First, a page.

There's been plenty of outrage directed at Michael Savage since the talk radio host recently made his controversial remarks about autism. Parent groups of children with autism are calling for his head, and some advertisers have started dropping Savage as a result of his comments. Talk Radio Network, which syndicates Savage's show to more than 350 affiliates, is standing behind Savage. Here's what Savage, who's known for his incendiary style, said during the show:
Now, the illness du jour is autism. You know what autism is? I'll tell you what autism is. In 99 percent of the cases, it's a brat who hasn't been told to cut the act out. That's what autism is.... What do you mean they scream and they're silent? They don't have a father around to tell them, 'Don't act like a moron. You'll get nowhere in life. Stop acting like a putz. Straighten up. Act like a man. Don't sit there crying and screaming, idiot.' Autism—everybody has an illness. If I behaved like a fool, my father called me a fool. And he said to me, 'Don't behave like a fool.' The worst thing he said—'Don't behave like a fool. Don't be anybody's dummy. Don't sound like an idiot. Don't act like a girl. Don't cry.' That's what I was raised with. That's what you should raise your children with. Stop with the sensitivity training. You're turning your son into a girl, and you're turning your nation into a nation of losers and beaten men.
I searched for studies linking dads or their parenting skills to autism, a developmental disorder that affects a child's ability to communicate effectively, and couldn't find much. (Please E-mail or post a comment if you're aware of evidence I missed). In decades past, some psychologists did put the blame on "refrigerator mothers," who were accused of causing autism by being emotionally distant and cold to their children. But that's an idea that researchers have debunked. Most researchers believe there is no one simple cause but that a complex interplay of genetic and environmental factors come together to cause the disease in most cases. Studies of identical twins have shown a clear genetic component, but there's also plenty of strong evidence that prenatal exposure to certain chemicals or infectious agents—such as thalidomide or the rubella virus—causes some cases of autism, too.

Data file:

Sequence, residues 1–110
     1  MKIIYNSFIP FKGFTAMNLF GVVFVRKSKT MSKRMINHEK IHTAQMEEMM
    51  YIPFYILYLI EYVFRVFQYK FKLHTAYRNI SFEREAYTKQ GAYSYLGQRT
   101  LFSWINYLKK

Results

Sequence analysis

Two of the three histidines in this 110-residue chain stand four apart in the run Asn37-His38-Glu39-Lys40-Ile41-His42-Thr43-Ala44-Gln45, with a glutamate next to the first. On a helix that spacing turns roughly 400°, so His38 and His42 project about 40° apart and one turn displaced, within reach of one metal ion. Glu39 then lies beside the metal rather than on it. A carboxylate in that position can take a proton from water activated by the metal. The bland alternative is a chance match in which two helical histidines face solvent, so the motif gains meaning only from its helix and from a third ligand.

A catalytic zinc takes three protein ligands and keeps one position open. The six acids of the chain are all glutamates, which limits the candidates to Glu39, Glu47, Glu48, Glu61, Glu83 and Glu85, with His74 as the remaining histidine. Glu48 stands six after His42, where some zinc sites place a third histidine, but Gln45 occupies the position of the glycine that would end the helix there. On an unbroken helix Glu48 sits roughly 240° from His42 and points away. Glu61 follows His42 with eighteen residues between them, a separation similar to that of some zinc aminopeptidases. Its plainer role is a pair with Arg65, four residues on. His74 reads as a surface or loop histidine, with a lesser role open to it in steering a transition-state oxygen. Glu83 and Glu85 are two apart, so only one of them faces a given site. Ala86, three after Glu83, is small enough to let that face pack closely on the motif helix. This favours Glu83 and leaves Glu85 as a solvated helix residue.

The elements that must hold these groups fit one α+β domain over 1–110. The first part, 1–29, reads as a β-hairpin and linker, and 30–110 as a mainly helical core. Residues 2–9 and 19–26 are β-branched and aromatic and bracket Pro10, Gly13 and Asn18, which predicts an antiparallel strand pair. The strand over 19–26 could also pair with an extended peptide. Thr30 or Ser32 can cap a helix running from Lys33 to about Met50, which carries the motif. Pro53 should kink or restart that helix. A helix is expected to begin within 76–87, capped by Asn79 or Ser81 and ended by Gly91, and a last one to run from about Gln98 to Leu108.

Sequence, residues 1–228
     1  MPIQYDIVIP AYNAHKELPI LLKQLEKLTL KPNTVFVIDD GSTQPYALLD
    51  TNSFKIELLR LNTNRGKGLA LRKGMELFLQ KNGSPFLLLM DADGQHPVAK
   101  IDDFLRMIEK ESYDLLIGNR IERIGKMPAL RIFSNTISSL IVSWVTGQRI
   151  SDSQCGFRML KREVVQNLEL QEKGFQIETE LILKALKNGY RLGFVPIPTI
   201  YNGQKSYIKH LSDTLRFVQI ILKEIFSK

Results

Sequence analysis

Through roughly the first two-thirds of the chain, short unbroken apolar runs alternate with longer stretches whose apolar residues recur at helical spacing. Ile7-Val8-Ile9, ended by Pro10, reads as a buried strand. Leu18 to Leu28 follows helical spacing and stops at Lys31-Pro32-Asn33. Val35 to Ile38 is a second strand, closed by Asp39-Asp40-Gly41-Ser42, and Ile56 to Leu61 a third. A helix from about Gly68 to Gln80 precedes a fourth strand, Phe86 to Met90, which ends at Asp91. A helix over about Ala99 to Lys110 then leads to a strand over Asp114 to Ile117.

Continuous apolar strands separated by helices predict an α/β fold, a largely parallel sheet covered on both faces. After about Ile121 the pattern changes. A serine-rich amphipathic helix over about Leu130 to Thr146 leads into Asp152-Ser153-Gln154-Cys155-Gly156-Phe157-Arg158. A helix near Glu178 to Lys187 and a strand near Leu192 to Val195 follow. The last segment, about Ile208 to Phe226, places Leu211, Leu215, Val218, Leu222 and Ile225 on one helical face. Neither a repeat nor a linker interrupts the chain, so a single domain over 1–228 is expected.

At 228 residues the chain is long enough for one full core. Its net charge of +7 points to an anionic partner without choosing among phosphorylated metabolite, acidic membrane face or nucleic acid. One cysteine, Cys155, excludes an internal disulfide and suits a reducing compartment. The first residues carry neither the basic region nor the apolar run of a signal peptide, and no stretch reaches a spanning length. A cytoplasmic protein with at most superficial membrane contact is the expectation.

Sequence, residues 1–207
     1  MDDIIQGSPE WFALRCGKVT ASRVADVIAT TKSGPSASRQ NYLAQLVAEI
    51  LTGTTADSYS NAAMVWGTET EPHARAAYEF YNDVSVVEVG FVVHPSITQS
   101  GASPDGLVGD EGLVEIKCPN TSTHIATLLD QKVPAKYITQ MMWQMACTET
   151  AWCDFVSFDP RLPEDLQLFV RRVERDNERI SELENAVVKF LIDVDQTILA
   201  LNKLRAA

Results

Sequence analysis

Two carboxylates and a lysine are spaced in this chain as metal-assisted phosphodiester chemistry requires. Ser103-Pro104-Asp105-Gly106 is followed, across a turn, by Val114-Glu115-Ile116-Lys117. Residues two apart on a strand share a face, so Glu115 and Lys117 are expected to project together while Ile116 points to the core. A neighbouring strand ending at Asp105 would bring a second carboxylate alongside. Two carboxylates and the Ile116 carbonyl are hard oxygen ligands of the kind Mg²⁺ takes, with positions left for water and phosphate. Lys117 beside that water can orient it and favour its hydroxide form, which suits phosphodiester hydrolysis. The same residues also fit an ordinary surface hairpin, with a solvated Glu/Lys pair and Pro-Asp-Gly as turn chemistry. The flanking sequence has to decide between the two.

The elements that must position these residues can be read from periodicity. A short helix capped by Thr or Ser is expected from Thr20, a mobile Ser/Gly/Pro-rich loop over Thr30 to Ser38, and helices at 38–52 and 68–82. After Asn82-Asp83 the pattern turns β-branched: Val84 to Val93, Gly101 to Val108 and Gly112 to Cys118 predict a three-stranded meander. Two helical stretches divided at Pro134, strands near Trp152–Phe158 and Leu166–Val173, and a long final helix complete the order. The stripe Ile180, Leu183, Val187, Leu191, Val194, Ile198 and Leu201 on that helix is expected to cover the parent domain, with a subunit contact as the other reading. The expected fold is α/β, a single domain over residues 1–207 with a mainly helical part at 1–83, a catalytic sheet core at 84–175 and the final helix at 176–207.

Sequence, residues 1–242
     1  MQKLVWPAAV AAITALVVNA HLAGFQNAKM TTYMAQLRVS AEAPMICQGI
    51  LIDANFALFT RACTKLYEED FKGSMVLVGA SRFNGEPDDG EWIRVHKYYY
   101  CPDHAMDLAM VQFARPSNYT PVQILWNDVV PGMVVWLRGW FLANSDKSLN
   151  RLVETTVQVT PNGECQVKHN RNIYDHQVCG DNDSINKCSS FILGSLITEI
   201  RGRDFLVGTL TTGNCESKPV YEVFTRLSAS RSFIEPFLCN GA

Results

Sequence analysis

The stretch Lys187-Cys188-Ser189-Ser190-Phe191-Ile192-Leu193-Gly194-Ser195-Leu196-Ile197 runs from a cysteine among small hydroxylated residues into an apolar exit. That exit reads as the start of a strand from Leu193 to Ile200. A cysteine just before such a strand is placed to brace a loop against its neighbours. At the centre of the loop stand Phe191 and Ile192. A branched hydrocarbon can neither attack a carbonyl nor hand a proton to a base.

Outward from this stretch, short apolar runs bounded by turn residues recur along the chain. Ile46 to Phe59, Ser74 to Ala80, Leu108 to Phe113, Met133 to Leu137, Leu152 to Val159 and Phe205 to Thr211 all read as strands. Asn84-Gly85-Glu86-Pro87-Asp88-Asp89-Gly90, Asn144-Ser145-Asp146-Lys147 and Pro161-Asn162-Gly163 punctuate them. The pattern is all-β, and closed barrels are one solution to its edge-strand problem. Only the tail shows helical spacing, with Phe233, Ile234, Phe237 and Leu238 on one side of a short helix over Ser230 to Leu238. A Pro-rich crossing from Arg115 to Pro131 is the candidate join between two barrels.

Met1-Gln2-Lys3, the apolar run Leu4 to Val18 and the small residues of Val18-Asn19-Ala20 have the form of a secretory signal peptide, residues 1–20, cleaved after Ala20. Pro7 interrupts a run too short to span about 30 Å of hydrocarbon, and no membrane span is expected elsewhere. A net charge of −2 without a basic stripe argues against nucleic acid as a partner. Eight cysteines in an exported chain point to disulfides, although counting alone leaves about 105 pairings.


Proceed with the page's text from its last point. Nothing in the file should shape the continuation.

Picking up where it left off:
I found it ironic that Savage called for parents to chide a child with autistic tendencies to "act like a man," given that many leading researchers consider autism to be an extreme manifestation of the male brain. In fact, one theory that's attracting attention is that fetuses that produce high levels of testosterone in the womb have a tendency to exhibit autistic behavior as young children. And it seems to me that the messages society directs toward boys about "sucking it up" could actually exacerbate any tendencies to withdraw. According to the Center for Disease Control and Prevention's latest count, the prevalence of autism among boys is between 2.8 and 5 times that of girls.
The bottom line: While it might be tempting to look for an easy answer, there isn't one.